will it be like it was before? Will the demons come back with the angels?
Will he be a loyal friend as well as a LOVER?
“These are good questions,” I said. They were not good questions. I don’t have any exes I would consider reuniting with, and I am sure they feel the same—but I enjoyed Anthony’s style and flair for imagery. Plus, my interjections didn’t seem to slow or change him. He went on to tell me that soon, fate will present me with a choice, one that is the “answer to [my] deepest longing.” Here’s where I started to giggle. “Your KNIGHT of SWORDS is riding to your emoyional recue,” he wrote [sic]. “Soprry fior the tyupos.Typing fast for you.”
At this point I was so delighted that I accidentally cut off our connection. I still had six minutes of psychic insight, so I hurriedly logged back in.
Anthony launched into the rest of his vision for me. I asked encouraging questions, like “Should I trust him again?” and “How you ever be sure?” (I was typing fast, too). Anthony told me about a “vain and vicious woman” who broke my Knight’s heart and taught him about karma. This imaginary dude left me for a hotter lady? I was a little stung that Anthony thought I should put up with that shit, but I suppose that is exactly what most women who contact a psychic are looking to hear. As our time ran out, Anthony reminded me to keep God with me, and TM (thanked me) again.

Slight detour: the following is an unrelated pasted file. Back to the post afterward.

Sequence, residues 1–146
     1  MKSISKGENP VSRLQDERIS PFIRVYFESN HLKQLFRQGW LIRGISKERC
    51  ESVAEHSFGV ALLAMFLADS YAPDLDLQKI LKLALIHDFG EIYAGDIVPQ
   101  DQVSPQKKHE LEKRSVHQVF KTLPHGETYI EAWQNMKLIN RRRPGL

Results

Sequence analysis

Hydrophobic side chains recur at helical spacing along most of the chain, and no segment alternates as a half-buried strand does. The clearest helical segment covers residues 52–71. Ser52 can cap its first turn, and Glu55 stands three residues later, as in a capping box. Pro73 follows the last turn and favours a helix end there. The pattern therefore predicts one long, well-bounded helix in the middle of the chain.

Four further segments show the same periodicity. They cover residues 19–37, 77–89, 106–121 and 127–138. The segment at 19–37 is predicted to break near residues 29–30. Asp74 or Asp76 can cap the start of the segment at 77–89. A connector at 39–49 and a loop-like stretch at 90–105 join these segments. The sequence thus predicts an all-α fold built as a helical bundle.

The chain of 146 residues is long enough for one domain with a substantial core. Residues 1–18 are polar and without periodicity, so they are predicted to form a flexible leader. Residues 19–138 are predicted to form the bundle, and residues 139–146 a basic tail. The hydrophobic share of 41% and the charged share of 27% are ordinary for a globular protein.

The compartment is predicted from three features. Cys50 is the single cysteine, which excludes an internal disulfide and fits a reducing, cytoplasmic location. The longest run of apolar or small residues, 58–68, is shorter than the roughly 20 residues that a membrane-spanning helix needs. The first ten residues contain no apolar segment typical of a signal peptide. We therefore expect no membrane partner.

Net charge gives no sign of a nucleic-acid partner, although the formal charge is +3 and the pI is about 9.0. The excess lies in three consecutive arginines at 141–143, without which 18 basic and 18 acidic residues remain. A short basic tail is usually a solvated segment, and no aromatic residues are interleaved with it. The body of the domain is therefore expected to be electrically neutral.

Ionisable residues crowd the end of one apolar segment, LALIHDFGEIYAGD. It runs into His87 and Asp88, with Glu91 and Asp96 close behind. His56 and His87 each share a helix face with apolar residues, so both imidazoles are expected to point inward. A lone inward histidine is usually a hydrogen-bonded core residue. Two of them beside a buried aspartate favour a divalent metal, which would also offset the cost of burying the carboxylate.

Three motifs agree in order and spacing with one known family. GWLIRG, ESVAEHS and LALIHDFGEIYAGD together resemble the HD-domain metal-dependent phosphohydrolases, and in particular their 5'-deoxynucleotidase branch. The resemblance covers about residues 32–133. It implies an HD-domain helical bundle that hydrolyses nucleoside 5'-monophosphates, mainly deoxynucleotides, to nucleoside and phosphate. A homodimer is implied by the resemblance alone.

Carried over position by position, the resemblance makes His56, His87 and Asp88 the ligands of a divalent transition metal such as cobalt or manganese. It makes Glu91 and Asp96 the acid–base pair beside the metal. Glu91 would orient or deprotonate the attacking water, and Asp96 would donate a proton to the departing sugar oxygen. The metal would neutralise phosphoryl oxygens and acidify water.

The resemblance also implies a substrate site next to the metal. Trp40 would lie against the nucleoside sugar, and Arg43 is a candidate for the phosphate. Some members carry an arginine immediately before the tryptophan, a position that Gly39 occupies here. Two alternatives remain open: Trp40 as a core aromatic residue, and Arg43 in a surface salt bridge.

Predictions: I should reunite with some dude who broke my heart in the past but who has learned humility in the interim.
The Online Psychic
If you Google “Online Psychic,” the first result is the Online Psychic, at onlinepsychic.com. This is very good SEO. The Online Psychic prominently features a tab that reads “The Best,” which explains why they are the best: “We will literally stop time to capture the situation and reveal its meaning.” Literally stop time. So, this is the place.
Before I could begin my reading, the Online Psychic asked me to take a multiple-choice quiz about my betting habits, and a true/false quiz about my beliefs. Then I responded to some inkblots as positive or negative, identified with a color wheel, described a dream, and got briefly hypnotized by a glowing pink eye—and God, it took forever. The first quiz must be to weed out the skeptics, because any skeptic would immediately assume she is in for a scam with questions like, “Do you play the lottery?” I admitted that I do. I have a weakness for scratcher tickets.
Once I finished the questionnaire, I was presented with nine psychics to choose from. I was torn between an elderly lady named Isabel and a young shirtless dude named Colby, but ultimately I chose Isabel, because I’ve already had a man psychic and also these people are fake.